0
$\begingroup$

The four curves are graphed \begin{align*} y&=\sin(x)\\ x&=\sin(y)\\ y&=\sin(x+\pi)+\pi\\ x&=\sin(y+\pi)+\pi \end{align*} These split the plane into many regions, but only one has a finite area. Compute this area.

I don't really know how to proceed.

$\endgroup$
0

2 Answers 2

6
$\begingroup$

The area you need is 8 times the shaded area. Observe the equations carefully to see the symmetries. enter image description here

How to find it? Well you can see that (0,0) is where the curves meet. And the right extreme of the interval is at $x=\frac{\pi}{2}$. So the total area is $$8\int_0^{\pi/2}(x- \sin x) dx = 8\left( \frac{\pi^2}{8}-1\right)=\pi^2-8$$

Note: A zoom out to see that no other area is finite.enter image description here

$\endgroup$
4
  • $\begingroup$ How do you know the OP is asking that region ? $\endgroup$
    – user65203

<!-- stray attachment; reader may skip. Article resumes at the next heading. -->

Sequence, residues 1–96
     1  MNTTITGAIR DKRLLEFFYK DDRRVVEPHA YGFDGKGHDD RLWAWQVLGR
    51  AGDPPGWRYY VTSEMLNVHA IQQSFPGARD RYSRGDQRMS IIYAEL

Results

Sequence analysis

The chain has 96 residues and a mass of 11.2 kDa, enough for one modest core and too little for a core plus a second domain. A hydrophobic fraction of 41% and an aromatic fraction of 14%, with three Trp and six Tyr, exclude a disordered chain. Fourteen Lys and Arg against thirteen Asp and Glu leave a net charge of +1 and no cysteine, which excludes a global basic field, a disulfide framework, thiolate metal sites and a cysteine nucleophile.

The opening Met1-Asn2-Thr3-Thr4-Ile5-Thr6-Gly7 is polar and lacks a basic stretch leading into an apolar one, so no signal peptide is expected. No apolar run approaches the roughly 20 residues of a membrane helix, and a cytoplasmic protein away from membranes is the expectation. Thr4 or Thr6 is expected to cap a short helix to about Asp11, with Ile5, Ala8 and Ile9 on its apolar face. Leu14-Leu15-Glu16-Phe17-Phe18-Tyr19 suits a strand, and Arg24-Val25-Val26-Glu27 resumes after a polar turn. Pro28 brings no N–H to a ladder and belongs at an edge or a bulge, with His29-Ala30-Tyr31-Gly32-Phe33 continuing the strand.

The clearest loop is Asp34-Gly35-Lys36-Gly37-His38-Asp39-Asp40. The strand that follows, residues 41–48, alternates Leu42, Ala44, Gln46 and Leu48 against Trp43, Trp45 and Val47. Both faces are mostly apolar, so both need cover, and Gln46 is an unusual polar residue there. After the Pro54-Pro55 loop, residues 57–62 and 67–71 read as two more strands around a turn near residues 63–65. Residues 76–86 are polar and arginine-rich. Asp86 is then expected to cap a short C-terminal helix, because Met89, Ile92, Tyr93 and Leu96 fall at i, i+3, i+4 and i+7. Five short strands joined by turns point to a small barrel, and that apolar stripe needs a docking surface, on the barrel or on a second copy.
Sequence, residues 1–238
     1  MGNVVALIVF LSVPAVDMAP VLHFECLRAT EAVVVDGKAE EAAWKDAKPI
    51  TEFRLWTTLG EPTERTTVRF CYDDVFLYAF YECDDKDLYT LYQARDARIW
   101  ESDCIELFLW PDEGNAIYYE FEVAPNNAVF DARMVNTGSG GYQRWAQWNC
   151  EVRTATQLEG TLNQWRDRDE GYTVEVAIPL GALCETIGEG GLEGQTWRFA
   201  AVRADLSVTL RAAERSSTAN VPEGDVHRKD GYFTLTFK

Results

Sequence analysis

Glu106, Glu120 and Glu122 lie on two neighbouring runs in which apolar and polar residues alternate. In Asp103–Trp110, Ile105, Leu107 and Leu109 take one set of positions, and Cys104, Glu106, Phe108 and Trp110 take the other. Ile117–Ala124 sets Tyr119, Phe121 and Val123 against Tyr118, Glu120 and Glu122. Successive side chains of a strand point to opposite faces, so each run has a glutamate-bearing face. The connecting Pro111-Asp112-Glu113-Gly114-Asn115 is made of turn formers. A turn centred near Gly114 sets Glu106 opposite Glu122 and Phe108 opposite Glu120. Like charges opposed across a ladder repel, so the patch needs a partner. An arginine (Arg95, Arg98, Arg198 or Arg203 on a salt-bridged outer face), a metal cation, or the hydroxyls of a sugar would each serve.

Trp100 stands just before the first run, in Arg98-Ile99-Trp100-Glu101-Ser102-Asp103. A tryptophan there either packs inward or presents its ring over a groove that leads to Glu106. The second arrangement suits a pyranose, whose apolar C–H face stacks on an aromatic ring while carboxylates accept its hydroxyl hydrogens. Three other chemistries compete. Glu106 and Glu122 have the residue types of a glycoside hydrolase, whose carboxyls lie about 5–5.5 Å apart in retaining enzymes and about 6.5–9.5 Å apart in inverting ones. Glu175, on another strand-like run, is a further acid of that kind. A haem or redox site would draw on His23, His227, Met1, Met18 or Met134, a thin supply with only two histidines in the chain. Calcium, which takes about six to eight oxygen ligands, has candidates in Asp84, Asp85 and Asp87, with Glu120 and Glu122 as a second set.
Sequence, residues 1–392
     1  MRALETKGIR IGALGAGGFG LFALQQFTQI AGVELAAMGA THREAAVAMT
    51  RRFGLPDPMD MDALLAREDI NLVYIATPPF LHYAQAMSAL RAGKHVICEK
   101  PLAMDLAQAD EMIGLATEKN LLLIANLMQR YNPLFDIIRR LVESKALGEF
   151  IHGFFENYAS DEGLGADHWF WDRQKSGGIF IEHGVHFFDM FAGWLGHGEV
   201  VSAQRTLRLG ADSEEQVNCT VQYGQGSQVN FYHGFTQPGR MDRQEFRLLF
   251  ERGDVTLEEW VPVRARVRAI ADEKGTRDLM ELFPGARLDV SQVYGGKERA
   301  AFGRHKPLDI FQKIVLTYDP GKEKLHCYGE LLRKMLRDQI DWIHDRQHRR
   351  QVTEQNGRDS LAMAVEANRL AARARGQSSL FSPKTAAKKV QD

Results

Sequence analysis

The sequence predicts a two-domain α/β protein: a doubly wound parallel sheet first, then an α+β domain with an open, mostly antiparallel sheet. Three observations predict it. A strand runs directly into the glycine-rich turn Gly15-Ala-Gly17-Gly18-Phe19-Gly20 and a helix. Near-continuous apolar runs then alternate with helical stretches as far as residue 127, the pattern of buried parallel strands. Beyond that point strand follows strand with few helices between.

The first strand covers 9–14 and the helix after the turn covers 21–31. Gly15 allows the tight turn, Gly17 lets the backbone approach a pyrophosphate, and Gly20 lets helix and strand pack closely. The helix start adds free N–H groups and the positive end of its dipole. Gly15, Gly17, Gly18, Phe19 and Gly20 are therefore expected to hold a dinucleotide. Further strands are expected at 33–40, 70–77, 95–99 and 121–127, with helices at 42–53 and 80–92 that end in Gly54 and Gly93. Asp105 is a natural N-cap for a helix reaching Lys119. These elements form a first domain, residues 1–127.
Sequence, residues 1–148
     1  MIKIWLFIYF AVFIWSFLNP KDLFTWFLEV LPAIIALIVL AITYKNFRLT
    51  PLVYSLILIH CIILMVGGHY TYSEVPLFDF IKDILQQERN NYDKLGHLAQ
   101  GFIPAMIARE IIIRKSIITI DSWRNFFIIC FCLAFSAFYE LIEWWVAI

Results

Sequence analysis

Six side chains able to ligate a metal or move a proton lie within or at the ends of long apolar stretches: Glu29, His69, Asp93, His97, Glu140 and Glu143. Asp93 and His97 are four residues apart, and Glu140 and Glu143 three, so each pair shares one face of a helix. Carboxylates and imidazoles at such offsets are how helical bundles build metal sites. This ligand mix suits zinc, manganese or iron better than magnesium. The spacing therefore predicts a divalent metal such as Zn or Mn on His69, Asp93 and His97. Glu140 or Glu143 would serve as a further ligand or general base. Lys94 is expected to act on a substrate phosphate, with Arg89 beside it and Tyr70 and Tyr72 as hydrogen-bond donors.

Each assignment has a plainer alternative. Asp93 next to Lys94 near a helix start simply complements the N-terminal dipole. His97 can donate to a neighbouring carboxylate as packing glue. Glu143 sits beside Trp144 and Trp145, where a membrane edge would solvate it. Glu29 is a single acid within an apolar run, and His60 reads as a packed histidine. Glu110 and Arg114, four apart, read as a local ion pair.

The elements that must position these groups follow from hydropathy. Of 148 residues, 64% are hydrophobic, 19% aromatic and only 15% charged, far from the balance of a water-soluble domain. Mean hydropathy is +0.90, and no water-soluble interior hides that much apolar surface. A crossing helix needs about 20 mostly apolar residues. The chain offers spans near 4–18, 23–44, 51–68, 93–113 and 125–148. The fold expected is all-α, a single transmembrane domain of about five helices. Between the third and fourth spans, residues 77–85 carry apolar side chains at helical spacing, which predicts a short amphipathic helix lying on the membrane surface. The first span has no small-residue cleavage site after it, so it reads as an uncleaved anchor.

Commented Oct 3, 2017 at 6:44
  • 1
    $\begingroup$ @YvesDaoust Why the downvote? What do you mean? The question clearly says to find the only finite area that is bounded by the 4 curves. If you plot them out by hand, it is easy to see that all other regions are infinite. So what's the ambiguity? Why would this not be the region? $\endgroup$ Commented Oct 3, 2017 at 6:49
  • $\begingroup$ Sorry, it's my bad. $\endgroup$
    – user65203
    Commented Oct 3, 2017 at 6:52
  • $\begingroup$ (+1) and accepted because splitting the region into 8 equivalent regions simplifies calculations. $\endgroup$
    – Nairit
    Commented Oct 3, 2017 at 9:24
4
$\begingroup$

The simplest way to solve this problem is to first draw a picture. Here's a photograph of the curves described in your problem:

enter image description here

The region bounding the finite area is a square who's sides are of length $\pi$. Calculating this area is simple. Now for the trickier bit: calculating the area beneath a sine wave. This can be solved by applying the methods of integration.

\begin{align*} \int_0^\pi\sin(x)\,dx&=[-\cos(x)]_{0}^\pi\\ &=-\cos(\pi)+\cos(0)\\ &=2 \end{align*}

Since there are four of these sine waves, $A=\pi^2-4\int_0^\pi \sin(x)\,dx=\pi^2-8= 1.8696\ldots$

$\endgroup$
1
  • $\begingroup$ I like this way too! (+1) $\endgroup$ Commented Oct 3, 2017 at 7:12

Not the answer you're looking for? Browse other questions tagged .